In veterinary oncology it can be hard to know "when to say when."

I struggle the most with this concept when I have patient whose tumor grows and/or spreads despite multiple different treatment options I provide for them, yet they still feel well. If cancer progression occurs, and pets become sick, there really isn't going to be very much I can offer an owner to help. It's far more difficult to draw the line when their illness causes no effects.

Just this morning, I received a wonderful e-mail from an owner letting me know they decided not to pursue alternative treatment for their dog with a progressive form of oral cancer. The patient is a gorgeous and stoic Golden retriever who underwent an aggressive course of radiation therapy and chemotherapy between last summer and fall completely without incident or side effect.

His tumor was well controlled for about seven months, but we incidentally detected regrowth of the mass about two weeks ago. Knowing the dog was feeling great at home, I felt compelled to at least have his owners consider further treatment. We discussed a few different options, none of which were likely to be the proverbial "magic bullet." But I did have some things I could offer that could theoretically help slow things down for a few months. His owners carefully considered everything I talked about and ultimately decided that although their dog might enjoy coming in to see us from time to time, and acknowledged he was feeling absolutely fine right now, his final days should be spent chasing rabbits and squirrels around their backyard. Reading their e-mail brought me such a sense of happiness, and a tiny bit of relief. It was the relief that prompted me to consider this topic.

Just as in people, if the standard of care no longer controls disease, the patient should be given additional options to consider. My goals are different from a human oncologist though. It's not life at all costs for my patients; it's quality of life for as long as I reasonably think I can help them. For the vast majority of owners, I think we are all on the same page.

ost owners of pets with terminal cancers are accepting of the fact that their pets are likely to pass away from their disease. I rarely come across owners who wish to be extremely combative about their pets’ treatment plans, or who seem to deny the statistics I present. Sometimes I think I let those owners down — I'm not as comfortable being aggressive about treatments as they are hoping. More often, I find that owners fear they will not be able to detect pain or suffering in their pets and they will be unable to know when they should consider euthanasia. I try to assure them the anxiety surrounding their thoughts is far greater than what the actual experience is like.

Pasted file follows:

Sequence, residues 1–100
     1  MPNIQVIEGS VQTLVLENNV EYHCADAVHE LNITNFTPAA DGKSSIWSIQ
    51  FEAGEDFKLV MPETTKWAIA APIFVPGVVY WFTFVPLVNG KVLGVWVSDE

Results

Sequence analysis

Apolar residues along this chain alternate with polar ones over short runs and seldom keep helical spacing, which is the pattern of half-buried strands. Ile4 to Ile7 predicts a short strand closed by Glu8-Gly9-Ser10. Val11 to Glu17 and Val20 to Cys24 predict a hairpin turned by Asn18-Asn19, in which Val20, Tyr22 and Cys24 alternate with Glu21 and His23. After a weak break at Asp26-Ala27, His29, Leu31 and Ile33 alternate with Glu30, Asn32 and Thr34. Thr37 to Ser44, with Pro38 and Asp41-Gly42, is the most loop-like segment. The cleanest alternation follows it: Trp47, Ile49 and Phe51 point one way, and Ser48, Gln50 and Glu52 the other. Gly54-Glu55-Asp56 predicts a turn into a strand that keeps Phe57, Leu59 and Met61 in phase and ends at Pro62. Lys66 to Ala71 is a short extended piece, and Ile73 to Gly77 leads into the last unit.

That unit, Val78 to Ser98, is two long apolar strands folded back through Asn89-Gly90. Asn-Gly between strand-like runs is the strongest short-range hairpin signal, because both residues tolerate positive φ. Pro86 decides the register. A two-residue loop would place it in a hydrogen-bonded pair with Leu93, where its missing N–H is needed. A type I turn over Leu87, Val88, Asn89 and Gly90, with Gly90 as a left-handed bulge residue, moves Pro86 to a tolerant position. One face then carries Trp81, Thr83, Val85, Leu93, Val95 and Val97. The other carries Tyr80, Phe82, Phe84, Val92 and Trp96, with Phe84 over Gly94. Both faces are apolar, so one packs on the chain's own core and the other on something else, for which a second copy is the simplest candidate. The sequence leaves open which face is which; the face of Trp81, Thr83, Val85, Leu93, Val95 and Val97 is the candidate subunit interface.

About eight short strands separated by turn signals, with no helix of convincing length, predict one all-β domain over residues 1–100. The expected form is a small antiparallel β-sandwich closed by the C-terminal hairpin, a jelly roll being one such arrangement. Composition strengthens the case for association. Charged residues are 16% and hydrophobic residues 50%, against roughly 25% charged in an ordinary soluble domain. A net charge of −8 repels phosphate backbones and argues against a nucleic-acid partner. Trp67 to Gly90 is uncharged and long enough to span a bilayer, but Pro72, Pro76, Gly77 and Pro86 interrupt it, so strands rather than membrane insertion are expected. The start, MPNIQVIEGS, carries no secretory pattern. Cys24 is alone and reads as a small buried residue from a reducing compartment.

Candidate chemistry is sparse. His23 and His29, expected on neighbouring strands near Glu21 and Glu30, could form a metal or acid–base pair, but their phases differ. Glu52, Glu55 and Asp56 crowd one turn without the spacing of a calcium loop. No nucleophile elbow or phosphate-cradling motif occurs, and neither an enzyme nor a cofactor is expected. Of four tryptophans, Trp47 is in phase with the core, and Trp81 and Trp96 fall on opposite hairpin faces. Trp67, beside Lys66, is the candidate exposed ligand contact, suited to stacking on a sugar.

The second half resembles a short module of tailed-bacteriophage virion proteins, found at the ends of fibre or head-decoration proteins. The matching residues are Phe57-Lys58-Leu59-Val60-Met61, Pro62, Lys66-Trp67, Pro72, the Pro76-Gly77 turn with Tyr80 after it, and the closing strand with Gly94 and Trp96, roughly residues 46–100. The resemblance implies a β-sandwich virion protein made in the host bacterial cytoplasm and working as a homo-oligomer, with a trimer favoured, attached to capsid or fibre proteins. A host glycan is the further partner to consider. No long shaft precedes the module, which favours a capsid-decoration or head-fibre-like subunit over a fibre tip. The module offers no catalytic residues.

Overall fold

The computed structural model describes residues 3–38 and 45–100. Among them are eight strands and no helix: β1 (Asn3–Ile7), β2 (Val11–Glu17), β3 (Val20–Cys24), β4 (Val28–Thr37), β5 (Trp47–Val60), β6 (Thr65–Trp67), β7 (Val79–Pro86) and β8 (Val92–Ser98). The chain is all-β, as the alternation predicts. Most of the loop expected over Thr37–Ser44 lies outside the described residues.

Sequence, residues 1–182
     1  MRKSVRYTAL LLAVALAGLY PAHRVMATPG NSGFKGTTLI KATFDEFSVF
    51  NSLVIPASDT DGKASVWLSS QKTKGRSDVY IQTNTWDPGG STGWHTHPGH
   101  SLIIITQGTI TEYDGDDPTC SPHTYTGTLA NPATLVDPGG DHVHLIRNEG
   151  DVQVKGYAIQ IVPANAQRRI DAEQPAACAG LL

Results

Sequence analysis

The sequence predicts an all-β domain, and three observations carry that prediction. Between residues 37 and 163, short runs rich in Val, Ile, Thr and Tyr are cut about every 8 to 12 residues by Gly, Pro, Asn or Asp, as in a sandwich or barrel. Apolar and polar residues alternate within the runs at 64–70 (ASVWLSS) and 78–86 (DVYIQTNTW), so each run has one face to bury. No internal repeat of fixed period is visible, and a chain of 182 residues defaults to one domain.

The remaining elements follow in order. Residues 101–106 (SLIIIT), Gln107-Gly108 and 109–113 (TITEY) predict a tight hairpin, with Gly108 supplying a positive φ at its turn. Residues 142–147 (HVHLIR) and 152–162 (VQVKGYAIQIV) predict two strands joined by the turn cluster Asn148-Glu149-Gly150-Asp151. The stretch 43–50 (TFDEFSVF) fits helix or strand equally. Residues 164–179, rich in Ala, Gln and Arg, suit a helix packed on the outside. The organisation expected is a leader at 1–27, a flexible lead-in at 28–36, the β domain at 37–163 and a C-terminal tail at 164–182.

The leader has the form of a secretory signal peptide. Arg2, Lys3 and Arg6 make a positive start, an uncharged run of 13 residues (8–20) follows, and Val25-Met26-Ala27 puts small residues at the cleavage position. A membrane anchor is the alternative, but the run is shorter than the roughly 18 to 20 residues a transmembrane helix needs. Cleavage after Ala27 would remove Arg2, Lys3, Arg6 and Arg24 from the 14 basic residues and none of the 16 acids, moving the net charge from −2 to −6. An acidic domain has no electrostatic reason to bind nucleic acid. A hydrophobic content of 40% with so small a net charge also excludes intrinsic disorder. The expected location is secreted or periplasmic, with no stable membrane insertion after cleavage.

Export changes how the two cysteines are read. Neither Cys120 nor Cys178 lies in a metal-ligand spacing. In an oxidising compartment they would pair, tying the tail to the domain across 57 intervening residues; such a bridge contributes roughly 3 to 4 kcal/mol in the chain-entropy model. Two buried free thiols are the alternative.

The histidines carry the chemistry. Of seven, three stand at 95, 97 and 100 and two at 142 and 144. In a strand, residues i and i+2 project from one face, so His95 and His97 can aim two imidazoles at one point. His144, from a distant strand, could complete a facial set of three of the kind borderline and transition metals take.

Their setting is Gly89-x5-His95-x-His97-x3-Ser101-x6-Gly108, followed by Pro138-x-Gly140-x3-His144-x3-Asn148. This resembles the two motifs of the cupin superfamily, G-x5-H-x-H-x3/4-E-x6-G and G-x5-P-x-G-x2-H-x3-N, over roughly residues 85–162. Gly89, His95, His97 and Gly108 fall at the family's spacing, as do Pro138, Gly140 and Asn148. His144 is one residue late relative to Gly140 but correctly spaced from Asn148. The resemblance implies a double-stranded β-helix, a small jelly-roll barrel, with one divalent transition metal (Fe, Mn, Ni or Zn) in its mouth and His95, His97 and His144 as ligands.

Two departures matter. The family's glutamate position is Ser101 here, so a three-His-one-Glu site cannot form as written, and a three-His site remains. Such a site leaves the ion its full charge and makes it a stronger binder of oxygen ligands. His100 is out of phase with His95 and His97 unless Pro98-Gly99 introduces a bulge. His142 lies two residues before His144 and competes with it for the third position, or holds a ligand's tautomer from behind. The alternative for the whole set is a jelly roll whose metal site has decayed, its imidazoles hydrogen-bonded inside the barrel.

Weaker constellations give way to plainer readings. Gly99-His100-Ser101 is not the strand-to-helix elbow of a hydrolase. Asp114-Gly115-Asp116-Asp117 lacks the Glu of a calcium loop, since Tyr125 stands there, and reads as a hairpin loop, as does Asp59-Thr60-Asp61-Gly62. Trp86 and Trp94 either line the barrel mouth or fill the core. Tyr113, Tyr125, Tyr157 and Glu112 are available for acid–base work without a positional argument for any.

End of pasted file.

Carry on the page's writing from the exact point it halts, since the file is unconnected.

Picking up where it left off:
It's difficult sometimes to consider what it's like to be on the "other side." When the standard of care treatments are no longer effective, and I give owners alternatives, what is it they actually hear?

o they pursue additional treatments because they will feel guilty if they don't do everything? Do they hope their dog or cat will be "the one that beats the odds?" Do they try just because they can? And I often stress over my inability to remain seemingly impartial. In other words, how much do I unknowingly influence owners?

Sometimes I wonder if I "give up" too soon. I wonder if I should suggest more options, or not be judgmental of colleagues who push boundaries I am uncomfortable with. During my residency I was instructed I would "have to decide what kind of oncologist I wanted to be." Though it was confusing at the time, having practiced this art for a few years now, I think I've come to appreciate what this means.

I know I need to be the kinds of oncologist who feels I’ve worked hard to help my patients live longer and healthier lives, but not without causing undo harm or risk for illness. I need to be the kind of oncologist who has the time to listen to owners and guide them through decisions without making choices for them, or making them feel guilty for not choosing other options.

It's no easy task to fulfill these goals on a daily basis, and I think I've learned to accept that as long as I feel I am accomplishing those goals frequently enough to sleep well at night, I'm probably doing okay. It's particularly difficult when your patients can't make decisions for themselves, and owners question, "Isn't there something else you can offer?"

The kind of oncologist I would like to be would be the one who remembers I'm a veterinarian first, an oncologist second, and one who adheres to our oath to "first do no harm." If I accomplish those simple goals, I think I'm doing a pretty good job. And truthfully, who could ask for anything more?

Dr. Joanne Intile

Image: Tyler Olsen / via Shutterstock